As I stated it was thinking about prime numbers that led me here.

    I have a hunch that the breaks in the plot to +/- infinty for -∏-3 ≤ x ≤ ∏-3 which approach a period of 0 towards x=0 are linked to the primes.

    I also like the relationship between order and chaos that this seems to give. With chaos approaching x=0 and the order of the maximums of the wave function on (or near?) x=+/-y.

    I will post my findings here when I get some time, but back to the grindstone for me now.
     
  9. Oct 22, 2012 #8
    I meant to put a question mark on the end of the title of this thread too, but was rather tired when I did it.
     
  10. Oct 22, 2012 #9
    Oh, and a nicer online graph plot of the function/equation:

    cos(x)/sin(1/x)

    or also written as:

    -(i (e^(-i x)+e^(i x)))/(e^(-i/x)-e^(i/x))

    see: http://fooplot.com/plot/5afahic6zv for zoom-in-able visualisation

    there are some interference pattern effects to be wary of with the digital imaging of this though picking sensible scales for the axes helps...

    - bizarre for -1>x>1
     
  11. Oct 22, 2012 #10
    It can't be a more general case of Euler's identity because it's not an identity. Euler's identity says that something is equal to something else; you just wrote an expression.

    More likely, they're just the result of the denominator going to zero.

    Your function is not a dynamical system; it is not chaotic.
     
  12. Oct 22, 2012 #11
    Thanks, excellent points and well made!

    What about this equation then:

    cos(x)/sin(1/x)=sin(y)/cos(1/y)
     
  13. Oct 22, 2012 #12
    Getting a little bit complicated now, but plot here: http://wolfr.am/VkwFv8 is truly bizarre?

    I now need better software on my computer as would like more detailed plot and the simple online tool will only plot in terms of y= ....

    I don't fancy finding y from that equation! I must get back to my work too...
     
  14. Oct 22, 2012 #13
    For which values of x and y? And what does it have to do with Euler's identity?
     
  15. Oct 22, 2012 #14
    All of them. Don't know about Euler's identity, but this looks a bit like the fingerprint of the universe:

    https://fbcdn-sphotos-c-a.akamaihd.net/hphotos-ak-ash4/400225_10151029543626116_786265305_n.jpg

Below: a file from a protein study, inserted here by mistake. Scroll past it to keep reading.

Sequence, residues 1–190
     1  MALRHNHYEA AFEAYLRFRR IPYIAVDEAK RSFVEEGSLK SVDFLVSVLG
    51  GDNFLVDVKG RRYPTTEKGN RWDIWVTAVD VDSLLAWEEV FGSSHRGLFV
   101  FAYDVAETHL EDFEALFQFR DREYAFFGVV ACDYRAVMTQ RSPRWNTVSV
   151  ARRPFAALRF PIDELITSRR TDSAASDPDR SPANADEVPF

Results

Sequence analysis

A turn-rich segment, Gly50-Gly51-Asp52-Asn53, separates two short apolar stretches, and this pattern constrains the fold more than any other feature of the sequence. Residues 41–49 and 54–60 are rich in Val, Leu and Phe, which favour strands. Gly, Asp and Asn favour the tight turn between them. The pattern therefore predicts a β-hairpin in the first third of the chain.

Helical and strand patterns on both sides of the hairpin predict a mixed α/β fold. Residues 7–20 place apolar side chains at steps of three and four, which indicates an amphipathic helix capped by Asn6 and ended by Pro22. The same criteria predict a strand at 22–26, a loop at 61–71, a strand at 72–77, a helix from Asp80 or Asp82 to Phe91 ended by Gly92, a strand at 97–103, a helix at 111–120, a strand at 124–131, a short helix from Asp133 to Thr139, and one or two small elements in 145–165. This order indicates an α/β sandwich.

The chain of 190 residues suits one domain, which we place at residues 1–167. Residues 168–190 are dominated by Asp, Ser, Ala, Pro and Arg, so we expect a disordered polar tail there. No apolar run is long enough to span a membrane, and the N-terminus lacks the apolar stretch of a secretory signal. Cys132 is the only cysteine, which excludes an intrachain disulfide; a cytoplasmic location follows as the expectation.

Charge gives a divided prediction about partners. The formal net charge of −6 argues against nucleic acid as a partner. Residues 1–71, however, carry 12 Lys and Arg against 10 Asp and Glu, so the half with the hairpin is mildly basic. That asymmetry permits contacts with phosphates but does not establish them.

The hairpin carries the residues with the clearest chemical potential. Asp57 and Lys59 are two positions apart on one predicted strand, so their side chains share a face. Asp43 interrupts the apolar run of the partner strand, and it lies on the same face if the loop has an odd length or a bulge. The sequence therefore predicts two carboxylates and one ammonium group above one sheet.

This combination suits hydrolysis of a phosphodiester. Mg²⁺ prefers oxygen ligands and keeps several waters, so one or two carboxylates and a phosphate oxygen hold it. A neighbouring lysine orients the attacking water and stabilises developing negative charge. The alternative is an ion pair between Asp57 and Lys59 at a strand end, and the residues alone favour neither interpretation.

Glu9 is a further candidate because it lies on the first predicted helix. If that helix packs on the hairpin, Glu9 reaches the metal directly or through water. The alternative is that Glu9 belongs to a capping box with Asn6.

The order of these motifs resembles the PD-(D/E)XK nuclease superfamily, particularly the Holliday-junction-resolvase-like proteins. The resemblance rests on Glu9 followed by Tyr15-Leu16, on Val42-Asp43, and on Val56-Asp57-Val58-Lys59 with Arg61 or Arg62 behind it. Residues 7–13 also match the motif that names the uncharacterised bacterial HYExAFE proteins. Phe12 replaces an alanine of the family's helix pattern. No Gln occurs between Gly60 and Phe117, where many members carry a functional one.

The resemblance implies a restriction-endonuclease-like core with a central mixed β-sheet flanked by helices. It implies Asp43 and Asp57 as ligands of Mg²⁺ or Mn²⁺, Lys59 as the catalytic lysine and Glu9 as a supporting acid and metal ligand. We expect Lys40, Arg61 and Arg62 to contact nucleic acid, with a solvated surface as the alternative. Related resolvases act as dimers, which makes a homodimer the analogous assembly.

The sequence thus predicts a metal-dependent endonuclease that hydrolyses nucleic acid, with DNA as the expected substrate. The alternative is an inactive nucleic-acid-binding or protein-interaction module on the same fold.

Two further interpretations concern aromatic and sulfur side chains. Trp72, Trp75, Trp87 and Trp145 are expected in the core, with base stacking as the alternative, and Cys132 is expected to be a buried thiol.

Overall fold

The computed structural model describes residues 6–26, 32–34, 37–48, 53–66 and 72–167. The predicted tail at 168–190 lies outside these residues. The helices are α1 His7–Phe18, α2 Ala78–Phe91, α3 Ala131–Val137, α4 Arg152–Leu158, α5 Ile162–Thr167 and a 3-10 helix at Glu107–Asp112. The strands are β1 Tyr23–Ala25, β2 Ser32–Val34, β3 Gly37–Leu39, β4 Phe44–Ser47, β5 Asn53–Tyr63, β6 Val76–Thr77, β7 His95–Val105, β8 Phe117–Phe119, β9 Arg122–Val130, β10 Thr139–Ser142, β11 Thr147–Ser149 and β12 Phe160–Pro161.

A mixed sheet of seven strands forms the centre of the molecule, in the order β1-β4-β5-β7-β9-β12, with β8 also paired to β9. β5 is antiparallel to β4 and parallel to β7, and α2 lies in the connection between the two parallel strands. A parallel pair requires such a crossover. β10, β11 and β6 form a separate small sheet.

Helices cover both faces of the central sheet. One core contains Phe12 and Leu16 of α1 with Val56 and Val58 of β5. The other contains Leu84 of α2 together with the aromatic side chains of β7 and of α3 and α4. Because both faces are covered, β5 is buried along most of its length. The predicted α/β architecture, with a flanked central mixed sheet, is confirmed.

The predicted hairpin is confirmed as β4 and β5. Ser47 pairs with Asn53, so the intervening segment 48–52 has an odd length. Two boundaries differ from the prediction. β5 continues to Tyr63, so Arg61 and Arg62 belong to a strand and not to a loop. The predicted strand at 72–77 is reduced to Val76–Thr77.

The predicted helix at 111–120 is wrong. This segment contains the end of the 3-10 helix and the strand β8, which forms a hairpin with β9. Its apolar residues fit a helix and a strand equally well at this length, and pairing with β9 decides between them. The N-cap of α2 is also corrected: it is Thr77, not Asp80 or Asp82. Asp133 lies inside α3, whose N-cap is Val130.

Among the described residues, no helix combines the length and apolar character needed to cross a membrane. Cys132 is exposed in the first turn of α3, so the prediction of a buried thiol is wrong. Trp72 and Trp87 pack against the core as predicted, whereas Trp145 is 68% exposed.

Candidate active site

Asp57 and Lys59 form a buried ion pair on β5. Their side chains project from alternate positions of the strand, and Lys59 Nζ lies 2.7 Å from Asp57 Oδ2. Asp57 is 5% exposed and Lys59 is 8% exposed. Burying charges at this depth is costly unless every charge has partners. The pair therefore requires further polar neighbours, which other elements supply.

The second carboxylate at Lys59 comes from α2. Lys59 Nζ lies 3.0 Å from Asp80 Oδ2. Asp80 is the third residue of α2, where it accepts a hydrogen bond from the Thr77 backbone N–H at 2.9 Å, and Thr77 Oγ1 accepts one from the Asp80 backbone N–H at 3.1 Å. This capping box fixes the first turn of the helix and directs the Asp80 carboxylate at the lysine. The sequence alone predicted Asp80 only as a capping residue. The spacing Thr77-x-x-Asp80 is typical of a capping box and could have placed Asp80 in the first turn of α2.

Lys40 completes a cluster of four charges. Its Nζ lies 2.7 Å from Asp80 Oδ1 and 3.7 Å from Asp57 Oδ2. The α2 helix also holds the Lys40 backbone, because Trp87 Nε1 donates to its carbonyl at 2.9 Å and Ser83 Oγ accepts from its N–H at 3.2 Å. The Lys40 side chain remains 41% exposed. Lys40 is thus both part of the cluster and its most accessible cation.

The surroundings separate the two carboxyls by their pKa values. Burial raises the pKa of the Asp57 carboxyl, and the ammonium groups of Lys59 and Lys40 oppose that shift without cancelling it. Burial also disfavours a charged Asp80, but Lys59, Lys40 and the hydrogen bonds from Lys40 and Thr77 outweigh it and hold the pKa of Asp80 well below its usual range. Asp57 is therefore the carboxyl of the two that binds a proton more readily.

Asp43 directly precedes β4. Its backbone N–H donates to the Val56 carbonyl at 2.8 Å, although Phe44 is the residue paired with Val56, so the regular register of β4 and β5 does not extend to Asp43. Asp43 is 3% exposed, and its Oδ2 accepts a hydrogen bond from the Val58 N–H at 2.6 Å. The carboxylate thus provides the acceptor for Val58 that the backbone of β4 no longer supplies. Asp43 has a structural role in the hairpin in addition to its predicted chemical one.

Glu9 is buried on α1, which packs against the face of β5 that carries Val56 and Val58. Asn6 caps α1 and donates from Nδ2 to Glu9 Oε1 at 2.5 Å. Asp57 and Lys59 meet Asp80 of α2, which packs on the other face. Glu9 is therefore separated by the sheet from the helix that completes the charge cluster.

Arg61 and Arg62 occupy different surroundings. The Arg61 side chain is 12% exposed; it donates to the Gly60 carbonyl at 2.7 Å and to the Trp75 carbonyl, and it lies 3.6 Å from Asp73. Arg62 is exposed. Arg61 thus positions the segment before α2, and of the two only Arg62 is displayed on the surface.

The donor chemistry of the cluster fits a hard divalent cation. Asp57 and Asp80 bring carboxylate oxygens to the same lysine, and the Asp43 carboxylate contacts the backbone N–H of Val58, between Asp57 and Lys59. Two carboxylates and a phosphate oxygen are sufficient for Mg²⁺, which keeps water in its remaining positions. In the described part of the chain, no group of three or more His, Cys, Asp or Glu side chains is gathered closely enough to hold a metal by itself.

I have never seen anything this strange come from a relatively simple trigaonametric function. These are plots of real values, it will be interesting to see what happens when this is applied to complex numbers.
     
  16. Oct 22, 2012 #15
    No, not for every possible value of (x, y). Not for x = 5 and y = 3.

    Uh, why? What is that supposed to mean, exactly?

    It's not a function, it's a relation. You've found a relation with a weird looking graph; there are lots of them.
    It's only interesting if it means something, and you haven't demonstrated that this expression of yours means or does anything.
     
  17. Oct 22, 2012 #16
    oh right, never seen one. that knocks that on the head then.
     
  18. Oct 22, 2012 #17
    they're very pretty though!

    Selection_048.png
     
  19. Oct 22, 2012 #18
    https://fbcdn-sphotos-e-a.akamaihd.net/hphotos-ak-snc6/253026_10151029575451116_1780170426_n.jpg
     
  20. Oct 22, 2012 #19
    i wander what they all look like superimposed on each other.

    How many are there?

    cos(x)/cos(1/y)=sin(1/x)/sin(y)
    cos(x)/cos(1/y)=sin(y)/sin(1/x)
    cos(x)/sin(1/x)=sin(y)/cos(1/y)
    cos(x)/sin(1/x)=cos(1/y)/sin(y)
    cos(x)/sin(y)=cos(1/y)/sin(1/x)
    cos(x)/sin(y)=sin(1/x)/cos(1/y)
    sin(y)/cos(x)=cos(1/y)/sin(1/x)
    sin(y)/cos(x)=sin(1/x)/cos(1/y)

    i make that 8
     
  21. Oct 22, 2012 #20
    You're just taking combinations of sines and cosines. There's nothing special or unusual about this.